Despite the increasing heat and humidity I managed to fit in a dozen runs, totalling over 70km, during my ten days travelling through Western Australia from Perth to Broome. Sunset and sunrise were the only possible times to run without getting heat stroke, and also offered the best views and light when the shadows were long, and the colours deep.
Karijini Eco Retreat
Our wonderful campsite in Karijini National Park, home for three nights. We arrived at sunset, allowing enough time to head out for a run to explore the place and venture out onto the dirt main road for a bit. The termite mounds are at their best at sunset, a deep, rich red reflecting the heavy iron ore content of the soil. The horizon at sunset was pretty colourful, with the bush fires clearly visible. I’m glad I brought my headlamp as darkness soon fell, and I had to try and refind the campsite…
The following morning was quite pleasant at 6am so I headed back out up a hill for views over the endless landscape. By 6.15am it wasn’t quite so pleasant though, with the temperature rapidly rising as the shadows shortened. I was glad of the downhill return, but the absence of shade by then made it hot work.
Thanks to the camp snorer I made an earlier start the next day, with the sun breaking through the clouds as I ran. It was about 25C overnight, and quickly warmed from there. I was starting to get used to the heat, though combined with a lack of shade and hills made for decent wake up exercise.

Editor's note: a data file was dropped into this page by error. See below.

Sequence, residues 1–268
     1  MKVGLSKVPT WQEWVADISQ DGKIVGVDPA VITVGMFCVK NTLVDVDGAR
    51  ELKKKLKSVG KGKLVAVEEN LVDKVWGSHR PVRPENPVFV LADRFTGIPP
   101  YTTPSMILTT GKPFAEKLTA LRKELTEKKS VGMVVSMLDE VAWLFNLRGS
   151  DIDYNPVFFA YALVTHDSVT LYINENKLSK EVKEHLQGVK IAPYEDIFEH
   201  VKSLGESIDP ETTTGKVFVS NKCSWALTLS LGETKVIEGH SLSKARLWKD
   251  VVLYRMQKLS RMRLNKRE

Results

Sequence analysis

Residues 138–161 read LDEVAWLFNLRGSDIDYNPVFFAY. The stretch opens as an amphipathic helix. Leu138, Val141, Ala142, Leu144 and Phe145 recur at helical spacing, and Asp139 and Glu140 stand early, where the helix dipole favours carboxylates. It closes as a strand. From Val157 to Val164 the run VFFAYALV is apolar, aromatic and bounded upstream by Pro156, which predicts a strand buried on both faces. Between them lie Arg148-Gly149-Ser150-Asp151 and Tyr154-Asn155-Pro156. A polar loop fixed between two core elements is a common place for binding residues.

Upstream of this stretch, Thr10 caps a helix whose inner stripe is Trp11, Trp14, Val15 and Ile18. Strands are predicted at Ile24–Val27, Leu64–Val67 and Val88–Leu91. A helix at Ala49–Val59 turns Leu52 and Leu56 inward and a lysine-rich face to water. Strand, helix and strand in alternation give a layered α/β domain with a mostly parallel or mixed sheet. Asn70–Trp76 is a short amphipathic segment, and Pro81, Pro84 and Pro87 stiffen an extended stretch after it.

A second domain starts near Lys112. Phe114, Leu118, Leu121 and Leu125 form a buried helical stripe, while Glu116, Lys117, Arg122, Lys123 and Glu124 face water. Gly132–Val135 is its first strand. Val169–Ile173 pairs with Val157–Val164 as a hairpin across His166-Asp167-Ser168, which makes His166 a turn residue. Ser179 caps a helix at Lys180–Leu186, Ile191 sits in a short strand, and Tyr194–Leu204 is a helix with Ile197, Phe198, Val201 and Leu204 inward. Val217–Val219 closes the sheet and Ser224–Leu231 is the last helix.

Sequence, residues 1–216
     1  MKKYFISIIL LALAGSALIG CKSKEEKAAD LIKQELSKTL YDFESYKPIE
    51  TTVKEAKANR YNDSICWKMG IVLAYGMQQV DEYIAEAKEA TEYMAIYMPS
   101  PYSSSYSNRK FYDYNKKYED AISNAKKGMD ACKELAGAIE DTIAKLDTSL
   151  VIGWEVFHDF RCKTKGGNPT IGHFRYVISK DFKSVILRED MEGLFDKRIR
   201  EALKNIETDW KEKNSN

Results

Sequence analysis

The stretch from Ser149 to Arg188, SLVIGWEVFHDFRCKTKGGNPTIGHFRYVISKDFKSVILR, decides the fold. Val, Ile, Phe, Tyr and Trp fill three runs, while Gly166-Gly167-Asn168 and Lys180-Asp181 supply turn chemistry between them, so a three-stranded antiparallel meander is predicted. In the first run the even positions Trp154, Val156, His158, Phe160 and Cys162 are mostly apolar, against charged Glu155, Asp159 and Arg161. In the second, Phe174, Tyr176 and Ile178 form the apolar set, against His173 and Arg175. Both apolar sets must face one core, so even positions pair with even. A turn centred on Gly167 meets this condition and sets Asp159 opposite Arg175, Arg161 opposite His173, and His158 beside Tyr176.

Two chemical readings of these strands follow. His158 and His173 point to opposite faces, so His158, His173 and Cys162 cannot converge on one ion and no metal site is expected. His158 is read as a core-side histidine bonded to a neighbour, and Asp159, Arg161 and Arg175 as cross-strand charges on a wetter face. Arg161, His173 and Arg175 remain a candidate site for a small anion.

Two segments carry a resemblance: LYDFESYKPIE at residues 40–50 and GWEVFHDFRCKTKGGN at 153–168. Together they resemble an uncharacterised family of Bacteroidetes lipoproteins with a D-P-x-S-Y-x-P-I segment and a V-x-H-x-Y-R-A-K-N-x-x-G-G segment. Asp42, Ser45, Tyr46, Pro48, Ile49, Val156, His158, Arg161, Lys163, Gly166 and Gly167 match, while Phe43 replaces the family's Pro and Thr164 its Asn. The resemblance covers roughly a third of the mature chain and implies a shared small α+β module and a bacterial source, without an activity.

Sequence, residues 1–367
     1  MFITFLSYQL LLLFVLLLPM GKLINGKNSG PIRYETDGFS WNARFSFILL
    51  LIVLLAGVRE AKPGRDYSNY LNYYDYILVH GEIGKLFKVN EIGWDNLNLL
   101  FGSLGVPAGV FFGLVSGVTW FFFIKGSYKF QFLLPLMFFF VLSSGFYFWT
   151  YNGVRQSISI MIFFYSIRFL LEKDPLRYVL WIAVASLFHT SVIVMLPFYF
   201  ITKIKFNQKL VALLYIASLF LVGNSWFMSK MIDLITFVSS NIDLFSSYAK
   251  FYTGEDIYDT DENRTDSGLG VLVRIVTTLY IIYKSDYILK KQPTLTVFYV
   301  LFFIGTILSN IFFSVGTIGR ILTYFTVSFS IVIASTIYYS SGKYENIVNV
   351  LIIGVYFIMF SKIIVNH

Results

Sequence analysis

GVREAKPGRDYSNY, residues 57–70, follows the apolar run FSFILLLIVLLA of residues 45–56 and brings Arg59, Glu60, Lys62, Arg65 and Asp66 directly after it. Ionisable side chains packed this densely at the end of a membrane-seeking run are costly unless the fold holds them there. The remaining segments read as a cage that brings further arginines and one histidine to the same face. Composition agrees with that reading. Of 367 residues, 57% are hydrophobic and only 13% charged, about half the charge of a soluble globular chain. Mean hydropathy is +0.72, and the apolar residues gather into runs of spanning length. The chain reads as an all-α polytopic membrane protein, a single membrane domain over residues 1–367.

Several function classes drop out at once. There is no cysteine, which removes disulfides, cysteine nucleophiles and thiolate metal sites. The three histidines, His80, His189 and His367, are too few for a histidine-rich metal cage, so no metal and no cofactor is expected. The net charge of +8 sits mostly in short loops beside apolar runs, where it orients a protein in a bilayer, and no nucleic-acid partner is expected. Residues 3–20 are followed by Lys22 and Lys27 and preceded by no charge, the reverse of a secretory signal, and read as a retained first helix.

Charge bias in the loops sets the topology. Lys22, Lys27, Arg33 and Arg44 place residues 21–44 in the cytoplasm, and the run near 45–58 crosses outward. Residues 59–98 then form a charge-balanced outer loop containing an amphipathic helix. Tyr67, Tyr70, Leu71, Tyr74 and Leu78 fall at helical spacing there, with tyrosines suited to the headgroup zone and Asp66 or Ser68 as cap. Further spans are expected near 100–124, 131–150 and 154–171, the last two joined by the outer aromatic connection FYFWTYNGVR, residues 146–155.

Second run of the day and one of the more exiting ones as a storm was brewing nearby. This combination with the setting sun made for a dramatic landscape.
Another hot night despite some rain requiring some rapid tent zipping, and my final run in Karijini National Park. Despite the cloud cover it was ridiculously hot, probably over 30C by 6.30am, with no wind. Which explains why I drank 3 litres of water every morning before 8am.
A cattle farm pretty much in the middle of nowhere, running at Pardoo Station was a challenge given the high humidity. The only route was the dirt road leading to the station, long, flat and straight. Thankfully I had something to look at to my right on the way out, and some wonderfully atmospheric lighting by the time I returned.
It was a similar story the next morning, only with the rising sun and some wonderful broken clouds creating a dramatic sky.
The last, longest and hardest run of my trip, in 30C heat and 70% humidity, with no shade. I was staying near Cable Beach so headed down at 6.30am to run along this epic beach. In the distance was the distinctively orange Gantheaume Point. It got tantalisingly closer as I ran, though as ever with long beaches it’s easy to underestimate the distances involved. After 5km I decided it wasn’t worth trying to reach (had already visited it the day before) and turned around to head back. The clouds would tease me by seeming to always remain 20m ahead of me as I roasted in the sunshine. Saw some great reflections on the wet sections of the beach but I was very glad once I finally reached shade and water.
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